Once homodont dentition evolved, prey could no longer be easily processed. As long as cetaceans relied on catching and swallowing relatively large prey whole, there would be selective pressure to shift the larynx to allow relatively larger prey to be swallowed and reduce the risk of a potentially fatal blockage occurring at this point in the digestive tract. If directional asymmetry in toothed whale skulls has evolved as a by-product of asymmetrical laryngeal positioning, then it is likely that it would have appeared in the evolution of cetaceans in conjunction with, or soon after, the evolution of homodont dentition. This finding means that directional asymmetry is likely to have evolved only once in the cetacean lineage, along with homodont dentition, potentially explaining why all known odontocete species deviate from symmetry in the same direction, as suggested by Heyning (1989), while still providing an explanation of why species differ in their levels of asymmetry (Milinkovitch, 1995).
In addition, as some early baleen whales were homodont, skull symmetry in baleen whales could be derived rather than ancestral (Milinkovitch, 1995), following a switch from consuming a small number of large single prey items to filter feeding on large numbers of very small prey items. This switch in foraging technique would remove any selective pressure to have the larynx positioned asymmetrically, allowing the ancestral lack of directional asymmetry (found in almost all mammals, including the closest terrestrial ancestors to cetaceans) to be re-established. Thus, in phylogenetic analyses within the order Cetacea, it should not be assumed that skull asymmetry is a derived characteristic, as skull asymmetry may have evolved in a common ancestor of both odontocetes and mysticetes. If skull asymmetry did evolve before these two lineages split, any asymmetry in a common ancestor would have deviated to the left, as in all extant odontocetes cetaceans. In addition, skull asymmetry may have preceded the evolution of echolocation in the derived odontocete lineage and should not be used as a marker for the existence of functional biosonar in fossil cetaceans.
However, it is also possible that, despite a homodont dentition in some lineages, early baleen whales did not evolve an asymmetrically placed larynx. Instead, when faced with the same problem of getting prey passed the larynx where it crosses the digestive tract, rather than develop an asymmetrical larynx, baleen whales shifted their foraging strategy to capturing large numbers of easy-to-swallow small prey at any one time. Under such circumstances, the problem of separating the airway and digestive tract could have resulted in a selective pressure toward filter-feeding, and laryngeal and associated skull asymmetry would indeed be a derived characteristic unique to the odontocete lineage. These possibilities could be tested by looking for evidence of skull asymmetry in homodont ancestors of baleen whales and by examining the structure and positioning of the larynx in modern baleen whales (see Reidenberg and Laitman, 2007a, this issue, and 2007b, this issue, for more information on the larynx of baleen whales).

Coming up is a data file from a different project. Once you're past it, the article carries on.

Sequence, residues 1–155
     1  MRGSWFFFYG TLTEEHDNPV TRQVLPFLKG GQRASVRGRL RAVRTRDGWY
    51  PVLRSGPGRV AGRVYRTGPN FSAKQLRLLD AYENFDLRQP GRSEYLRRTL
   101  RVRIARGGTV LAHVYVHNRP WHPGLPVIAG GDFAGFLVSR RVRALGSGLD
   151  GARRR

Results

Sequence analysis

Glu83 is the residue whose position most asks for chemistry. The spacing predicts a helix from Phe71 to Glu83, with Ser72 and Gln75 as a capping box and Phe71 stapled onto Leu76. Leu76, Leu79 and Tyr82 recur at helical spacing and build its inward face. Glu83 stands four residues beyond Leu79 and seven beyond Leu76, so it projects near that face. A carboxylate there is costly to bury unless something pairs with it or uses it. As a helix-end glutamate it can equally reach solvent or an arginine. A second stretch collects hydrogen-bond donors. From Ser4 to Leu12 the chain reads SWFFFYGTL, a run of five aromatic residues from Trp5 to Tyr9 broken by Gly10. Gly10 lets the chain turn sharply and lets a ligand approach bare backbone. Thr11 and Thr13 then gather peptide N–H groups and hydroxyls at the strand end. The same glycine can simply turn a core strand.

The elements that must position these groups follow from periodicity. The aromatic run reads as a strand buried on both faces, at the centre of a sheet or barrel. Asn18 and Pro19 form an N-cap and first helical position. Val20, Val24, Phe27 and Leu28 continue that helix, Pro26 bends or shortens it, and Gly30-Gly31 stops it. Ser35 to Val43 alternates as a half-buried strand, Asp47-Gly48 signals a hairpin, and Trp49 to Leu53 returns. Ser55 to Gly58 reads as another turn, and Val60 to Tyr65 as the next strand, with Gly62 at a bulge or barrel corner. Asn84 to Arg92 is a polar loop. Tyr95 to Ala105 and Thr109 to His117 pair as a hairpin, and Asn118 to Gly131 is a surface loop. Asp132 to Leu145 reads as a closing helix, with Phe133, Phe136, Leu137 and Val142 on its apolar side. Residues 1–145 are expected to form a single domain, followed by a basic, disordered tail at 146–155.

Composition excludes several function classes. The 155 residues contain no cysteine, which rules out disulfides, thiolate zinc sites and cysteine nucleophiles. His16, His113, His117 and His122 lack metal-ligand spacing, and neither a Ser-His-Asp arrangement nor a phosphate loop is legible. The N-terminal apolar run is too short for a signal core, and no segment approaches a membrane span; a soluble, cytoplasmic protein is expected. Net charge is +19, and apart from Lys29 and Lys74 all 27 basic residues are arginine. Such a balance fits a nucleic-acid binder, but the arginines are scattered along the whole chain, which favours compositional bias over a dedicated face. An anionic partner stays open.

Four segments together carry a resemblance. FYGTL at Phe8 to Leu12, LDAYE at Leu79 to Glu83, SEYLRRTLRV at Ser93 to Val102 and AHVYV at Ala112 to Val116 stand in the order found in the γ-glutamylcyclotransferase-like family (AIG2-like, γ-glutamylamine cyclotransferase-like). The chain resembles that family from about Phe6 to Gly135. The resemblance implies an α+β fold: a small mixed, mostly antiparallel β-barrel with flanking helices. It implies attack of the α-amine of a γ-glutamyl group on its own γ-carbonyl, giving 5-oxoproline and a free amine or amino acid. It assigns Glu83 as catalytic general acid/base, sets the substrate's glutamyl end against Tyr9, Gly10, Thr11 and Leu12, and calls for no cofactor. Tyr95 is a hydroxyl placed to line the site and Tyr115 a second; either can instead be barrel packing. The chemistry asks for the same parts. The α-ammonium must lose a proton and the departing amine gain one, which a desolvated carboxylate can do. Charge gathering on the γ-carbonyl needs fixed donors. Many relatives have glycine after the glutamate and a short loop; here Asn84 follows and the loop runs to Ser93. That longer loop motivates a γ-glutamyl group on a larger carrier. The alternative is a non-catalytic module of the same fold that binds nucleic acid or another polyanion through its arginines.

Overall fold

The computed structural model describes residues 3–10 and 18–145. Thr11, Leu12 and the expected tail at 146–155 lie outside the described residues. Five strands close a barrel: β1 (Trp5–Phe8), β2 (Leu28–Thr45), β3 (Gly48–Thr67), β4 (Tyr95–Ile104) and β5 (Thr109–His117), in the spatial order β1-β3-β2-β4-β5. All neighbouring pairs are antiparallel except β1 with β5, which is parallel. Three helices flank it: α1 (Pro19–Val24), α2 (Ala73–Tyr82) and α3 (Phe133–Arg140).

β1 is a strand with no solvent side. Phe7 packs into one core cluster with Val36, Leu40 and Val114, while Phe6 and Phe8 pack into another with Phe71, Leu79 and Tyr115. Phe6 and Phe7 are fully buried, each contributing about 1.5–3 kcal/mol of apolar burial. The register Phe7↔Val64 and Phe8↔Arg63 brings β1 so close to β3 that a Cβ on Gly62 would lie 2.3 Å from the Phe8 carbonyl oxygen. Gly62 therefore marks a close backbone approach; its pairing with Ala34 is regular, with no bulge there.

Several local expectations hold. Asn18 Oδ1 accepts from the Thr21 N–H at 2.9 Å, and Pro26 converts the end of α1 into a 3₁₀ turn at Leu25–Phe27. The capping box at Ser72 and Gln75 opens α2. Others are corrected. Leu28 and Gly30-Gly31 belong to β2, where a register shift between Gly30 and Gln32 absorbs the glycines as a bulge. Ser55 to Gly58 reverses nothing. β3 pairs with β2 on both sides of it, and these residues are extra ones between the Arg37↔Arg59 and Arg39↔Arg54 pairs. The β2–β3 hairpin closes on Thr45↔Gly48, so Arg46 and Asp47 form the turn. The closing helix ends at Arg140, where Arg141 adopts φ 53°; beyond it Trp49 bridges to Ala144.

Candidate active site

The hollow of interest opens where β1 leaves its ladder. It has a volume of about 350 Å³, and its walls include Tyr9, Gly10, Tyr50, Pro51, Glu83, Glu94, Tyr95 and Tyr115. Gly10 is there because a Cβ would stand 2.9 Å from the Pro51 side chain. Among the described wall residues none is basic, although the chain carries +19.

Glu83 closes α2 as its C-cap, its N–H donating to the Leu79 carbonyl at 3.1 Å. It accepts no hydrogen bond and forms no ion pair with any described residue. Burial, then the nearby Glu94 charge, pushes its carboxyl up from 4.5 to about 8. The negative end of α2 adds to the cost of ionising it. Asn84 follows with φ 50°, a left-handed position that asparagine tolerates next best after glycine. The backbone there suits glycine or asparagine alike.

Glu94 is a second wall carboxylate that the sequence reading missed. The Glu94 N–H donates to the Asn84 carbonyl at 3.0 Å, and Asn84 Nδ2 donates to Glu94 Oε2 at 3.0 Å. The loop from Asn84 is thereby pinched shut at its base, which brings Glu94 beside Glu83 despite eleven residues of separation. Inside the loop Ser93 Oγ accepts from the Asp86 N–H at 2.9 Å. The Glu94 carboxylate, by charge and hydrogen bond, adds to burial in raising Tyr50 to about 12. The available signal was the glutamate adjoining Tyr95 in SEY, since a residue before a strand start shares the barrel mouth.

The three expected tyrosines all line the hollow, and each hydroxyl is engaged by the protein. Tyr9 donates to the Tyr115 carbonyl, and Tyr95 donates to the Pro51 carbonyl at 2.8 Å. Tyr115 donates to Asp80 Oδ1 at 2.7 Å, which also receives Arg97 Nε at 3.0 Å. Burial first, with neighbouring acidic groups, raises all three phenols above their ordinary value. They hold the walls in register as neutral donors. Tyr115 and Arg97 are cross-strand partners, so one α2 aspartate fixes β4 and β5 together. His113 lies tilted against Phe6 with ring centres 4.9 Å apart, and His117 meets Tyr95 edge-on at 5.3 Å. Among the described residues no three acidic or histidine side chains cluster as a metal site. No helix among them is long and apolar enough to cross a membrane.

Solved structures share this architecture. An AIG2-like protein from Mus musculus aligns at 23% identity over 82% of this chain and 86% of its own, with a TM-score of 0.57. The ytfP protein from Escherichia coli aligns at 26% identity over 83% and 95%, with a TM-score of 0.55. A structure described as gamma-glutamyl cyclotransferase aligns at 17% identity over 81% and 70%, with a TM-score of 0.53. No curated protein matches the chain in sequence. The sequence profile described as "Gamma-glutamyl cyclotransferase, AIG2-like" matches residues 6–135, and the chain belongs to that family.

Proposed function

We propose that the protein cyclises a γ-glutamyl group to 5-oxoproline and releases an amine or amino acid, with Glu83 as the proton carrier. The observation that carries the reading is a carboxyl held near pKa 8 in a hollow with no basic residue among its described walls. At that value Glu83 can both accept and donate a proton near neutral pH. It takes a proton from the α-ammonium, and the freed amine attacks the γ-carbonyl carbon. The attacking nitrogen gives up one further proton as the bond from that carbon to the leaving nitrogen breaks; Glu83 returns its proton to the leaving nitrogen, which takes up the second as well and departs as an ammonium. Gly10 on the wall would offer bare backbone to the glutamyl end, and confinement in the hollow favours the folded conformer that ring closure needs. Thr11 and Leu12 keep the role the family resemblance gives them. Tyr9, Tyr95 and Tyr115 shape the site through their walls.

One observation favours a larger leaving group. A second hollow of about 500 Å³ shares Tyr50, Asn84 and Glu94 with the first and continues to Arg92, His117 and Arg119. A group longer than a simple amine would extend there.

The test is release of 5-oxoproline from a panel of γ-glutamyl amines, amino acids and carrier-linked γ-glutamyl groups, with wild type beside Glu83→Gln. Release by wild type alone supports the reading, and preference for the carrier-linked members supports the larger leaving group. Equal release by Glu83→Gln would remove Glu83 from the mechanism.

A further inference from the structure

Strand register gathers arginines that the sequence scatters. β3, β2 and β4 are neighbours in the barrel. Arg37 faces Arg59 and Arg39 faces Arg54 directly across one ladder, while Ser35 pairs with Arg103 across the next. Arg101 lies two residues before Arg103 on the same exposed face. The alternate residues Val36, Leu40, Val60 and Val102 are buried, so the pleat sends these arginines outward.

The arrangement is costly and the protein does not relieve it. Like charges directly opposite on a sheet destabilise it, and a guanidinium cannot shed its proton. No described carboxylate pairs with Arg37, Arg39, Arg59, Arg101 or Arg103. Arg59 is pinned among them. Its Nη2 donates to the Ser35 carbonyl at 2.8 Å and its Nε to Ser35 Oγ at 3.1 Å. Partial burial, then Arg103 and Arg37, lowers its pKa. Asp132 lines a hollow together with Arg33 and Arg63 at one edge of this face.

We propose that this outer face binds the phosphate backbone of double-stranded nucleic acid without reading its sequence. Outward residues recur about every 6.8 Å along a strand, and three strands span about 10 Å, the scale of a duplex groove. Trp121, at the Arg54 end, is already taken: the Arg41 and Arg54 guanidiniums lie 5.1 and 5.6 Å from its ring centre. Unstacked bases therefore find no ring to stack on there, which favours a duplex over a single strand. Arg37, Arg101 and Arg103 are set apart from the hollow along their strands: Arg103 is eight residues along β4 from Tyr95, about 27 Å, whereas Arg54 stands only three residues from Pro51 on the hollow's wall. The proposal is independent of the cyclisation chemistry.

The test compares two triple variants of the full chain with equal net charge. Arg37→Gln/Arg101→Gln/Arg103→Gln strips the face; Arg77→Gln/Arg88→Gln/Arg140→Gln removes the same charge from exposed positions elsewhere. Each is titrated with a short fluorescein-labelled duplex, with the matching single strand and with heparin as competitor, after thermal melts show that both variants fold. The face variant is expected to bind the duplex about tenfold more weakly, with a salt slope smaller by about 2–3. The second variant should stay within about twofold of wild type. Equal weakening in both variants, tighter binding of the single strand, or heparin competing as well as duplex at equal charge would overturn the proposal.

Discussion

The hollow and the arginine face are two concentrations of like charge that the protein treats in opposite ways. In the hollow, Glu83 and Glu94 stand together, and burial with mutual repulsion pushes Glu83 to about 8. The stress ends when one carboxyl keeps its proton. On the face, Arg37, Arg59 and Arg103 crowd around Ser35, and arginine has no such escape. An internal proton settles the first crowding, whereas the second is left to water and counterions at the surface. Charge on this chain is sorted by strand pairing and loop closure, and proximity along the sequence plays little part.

Therefore, the prey size hypothesis for the evolution of skull asymmetry in cetaceans potentially provides a single parsimonious explanation for variations in skull asymmetry throughout the entire order of Cetacea, rather than treating the asymmetry commonly observed in odontocete skulls as a special case. In addition, it explains the variations in the level of asymmetry between species without the need to postulate repeated and independent evolution of skull asymmetry to the same (left) side in several separate odontocete lineages (Milinkovitch, 1995). It also suggests that there may be linkage between many aspects of the development of cetacean skulls, and particularly skull asymmetry, with evolutionary adaptations to one element resulting in changes in associated elements through shared developmental processes. Finally, the anatomical relationships identified in this study between oral gape size, asymmetry of the anterior choanae, asymmetry of laryngeal placement, asymmetry of pharyngeal widths, and prey size may prove useful in reconstructing the soft tissues of the throat of extinct cetaceans in which only fossil skulls are available. Determining the extent of asymmetrical positioning of the larynx and, thus, width of the piriform sinuses, and by extension the maximum prey size that could be consumed, would help illuminate extinct cetacean feeding ecology. The same principles can also be used to determine feeding behaviors of rare modern cetaceans for which only skeletal remains may be available.
The authors thank the National Museums of Scotland for providing access to skulls from their collections for measurements. Analysis of stomach contents material collected up to 1997 was funded by the Commission of the European Communities. Sample collection and analysis during 1998–2000 was funded under CEC DG XIV Study Project 98/089. Sample collection and analysis during 2001–2003 was funded under CEC project EVK3-CT-2000-00027. The authors thank H. Ross, R. Reid, and I.A.P Patterson (SAC Veterinary Science Division, Inverness, Scotland) for collecting the stomach samples from Scottish animals during postmortem examinations. Finally, the authors thank the two anonymous reviewers for their comments and suggestions on this manuscript.